The reality is that despite pockets of welcome familiarity, in other respects, everything we thought we knew continues to change, and as planning for next year starts in earnest, we have some complex challenges ahead – and not just because of the ongoing coronavirus situation. As the pandemic took hold, you will doubtless have seen a lot of social media posts which were essentially variations on a theme, namely “Do you remember the good old days when all we had to argue and worry about was Brexit? How I wish we could get back to simpler times.” Well, we got a glimpse at those ‘simpler times’ this week, and I am not sure they’re that appealing after all. Plans have begun to leak out about the revised UK customs and border arrangements that will come into force on 1st January, and they don’t make pretty reading for UK business owners. It has been predicted that over 200 million new customs forms will be generated, at a cost to business which has been estimated at between £7-13 billion. That is over half the cost of our EU membership just to get lorries out of Dover.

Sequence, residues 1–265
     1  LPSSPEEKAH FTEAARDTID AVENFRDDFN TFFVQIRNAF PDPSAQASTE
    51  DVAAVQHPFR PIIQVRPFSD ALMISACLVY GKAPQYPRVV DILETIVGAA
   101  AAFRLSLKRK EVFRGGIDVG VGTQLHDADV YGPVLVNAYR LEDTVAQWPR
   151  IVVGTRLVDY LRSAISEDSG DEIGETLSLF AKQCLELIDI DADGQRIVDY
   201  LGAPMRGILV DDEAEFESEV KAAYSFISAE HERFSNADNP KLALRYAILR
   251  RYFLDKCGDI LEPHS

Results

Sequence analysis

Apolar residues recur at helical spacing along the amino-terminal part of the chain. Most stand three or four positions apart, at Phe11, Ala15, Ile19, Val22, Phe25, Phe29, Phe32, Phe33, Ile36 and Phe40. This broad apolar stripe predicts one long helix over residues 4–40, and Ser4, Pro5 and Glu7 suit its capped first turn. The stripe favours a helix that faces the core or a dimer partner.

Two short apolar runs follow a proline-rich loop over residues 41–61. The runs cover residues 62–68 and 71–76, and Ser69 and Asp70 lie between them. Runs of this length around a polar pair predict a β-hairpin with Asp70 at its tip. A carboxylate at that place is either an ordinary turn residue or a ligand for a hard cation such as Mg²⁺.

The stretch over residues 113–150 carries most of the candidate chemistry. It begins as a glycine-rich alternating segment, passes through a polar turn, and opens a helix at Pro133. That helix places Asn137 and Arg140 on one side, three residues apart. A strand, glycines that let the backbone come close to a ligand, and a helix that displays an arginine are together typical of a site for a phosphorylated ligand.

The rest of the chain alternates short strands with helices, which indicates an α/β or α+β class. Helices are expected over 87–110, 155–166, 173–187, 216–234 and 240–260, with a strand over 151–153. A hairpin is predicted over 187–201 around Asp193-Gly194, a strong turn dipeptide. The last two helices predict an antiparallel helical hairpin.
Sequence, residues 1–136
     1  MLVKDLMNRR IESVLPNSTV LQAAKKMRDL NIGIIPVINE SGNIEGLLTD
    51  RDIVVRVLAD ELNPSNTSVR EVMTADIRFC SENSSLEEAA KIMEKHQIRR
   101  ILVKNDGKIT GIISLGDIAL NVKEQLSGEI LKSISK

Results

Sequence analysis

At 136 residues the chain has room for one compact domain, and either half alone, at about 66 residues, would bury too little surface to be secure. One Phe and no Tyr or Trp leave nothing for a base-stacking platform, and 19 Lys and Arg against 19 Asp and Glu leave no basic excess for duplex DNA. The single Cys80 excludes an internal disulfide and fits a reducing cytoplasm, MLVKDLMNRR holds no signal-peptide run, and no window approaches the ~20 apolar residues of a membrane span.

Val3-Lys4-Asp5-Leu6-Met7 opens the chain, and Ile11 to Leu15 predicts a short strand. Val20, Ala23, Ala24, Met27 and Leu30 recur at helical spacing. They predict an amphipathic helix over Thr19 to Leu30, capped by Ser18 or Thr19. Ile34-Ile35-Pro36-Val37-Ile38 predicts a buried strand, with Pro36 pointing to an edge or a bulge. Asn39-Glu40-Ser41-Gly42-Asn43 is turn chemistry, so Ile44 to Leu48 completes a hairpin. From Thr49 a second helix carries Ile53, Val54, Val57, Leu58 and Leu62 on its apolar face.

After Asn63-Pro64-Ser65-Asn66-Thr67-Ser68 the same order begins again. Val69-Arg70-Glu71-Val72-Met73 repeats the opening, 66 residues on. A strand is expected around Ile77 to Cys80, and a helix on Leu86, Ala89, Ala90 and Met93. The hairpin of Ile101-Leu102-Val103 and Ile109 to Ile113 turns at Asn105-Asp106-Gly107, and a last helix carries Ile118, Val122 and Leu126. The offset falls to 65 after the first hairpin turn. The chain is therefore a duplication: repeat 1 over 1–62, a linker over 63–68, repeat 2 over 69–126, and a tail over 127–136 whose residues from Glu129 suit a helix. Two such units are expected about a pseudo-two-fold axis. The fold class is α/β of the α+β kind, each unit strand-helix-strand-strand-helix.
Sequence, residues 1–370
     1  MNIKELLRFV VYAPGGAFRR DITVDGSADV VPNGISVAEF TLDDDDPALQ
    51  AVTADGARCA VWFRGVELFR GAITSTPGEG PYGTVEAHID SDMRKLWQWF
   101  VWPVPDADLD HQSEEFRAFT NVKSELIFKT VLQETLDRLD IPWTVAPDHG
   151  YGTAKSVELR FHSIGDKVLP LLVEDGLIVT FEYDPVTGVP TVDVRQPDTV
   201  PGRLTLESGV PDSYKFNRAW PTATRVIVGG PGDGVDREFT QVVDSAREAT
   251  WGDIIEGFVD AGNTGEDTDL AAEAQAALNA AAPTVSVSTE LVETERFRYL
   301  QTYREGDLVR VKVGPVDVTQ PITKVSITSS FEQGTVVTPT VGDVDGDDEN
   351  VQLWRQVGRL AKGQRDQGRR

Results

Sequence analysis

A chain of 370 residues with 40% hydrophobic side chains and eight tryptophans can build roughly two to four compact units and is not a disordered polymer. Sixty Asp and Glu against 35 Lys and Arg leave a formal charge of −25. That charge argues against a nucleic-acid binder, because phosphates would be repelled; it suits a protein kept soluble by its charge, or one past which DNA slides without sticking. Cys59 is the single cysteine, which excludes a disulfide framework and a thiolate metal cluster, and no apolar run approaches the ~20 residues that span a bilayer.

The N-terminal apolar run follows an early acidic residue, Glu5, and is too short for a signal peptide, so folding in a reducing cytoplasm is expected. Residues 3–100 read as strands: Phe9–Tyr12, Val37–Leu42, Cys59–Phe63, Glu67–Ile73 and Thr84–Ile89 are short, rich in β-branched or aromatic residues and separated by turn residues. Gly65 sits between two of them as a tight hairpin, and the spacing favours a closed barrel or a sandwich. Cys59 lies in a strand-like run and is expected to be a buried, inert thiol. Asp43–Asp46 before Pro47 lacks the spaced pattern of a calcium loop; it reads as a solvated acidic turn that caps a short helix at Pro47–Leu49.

Instead of the Garden of England, it looks like Kent will henceforth be known as ‘Farage’s Garage’: in a few short months, Kent residents will truly know the meaning of the phrases ‘tailing back control’ and reaching ‘braking point.’
There is also bad Brexit-related news for Amazon UK sellers, after it emerged that the UK’s FBA operations will be separated from the rest of Europe after 1st January, which could lead to a huge part of their online audience disappearing. But to be fair, we knew what we were voting for…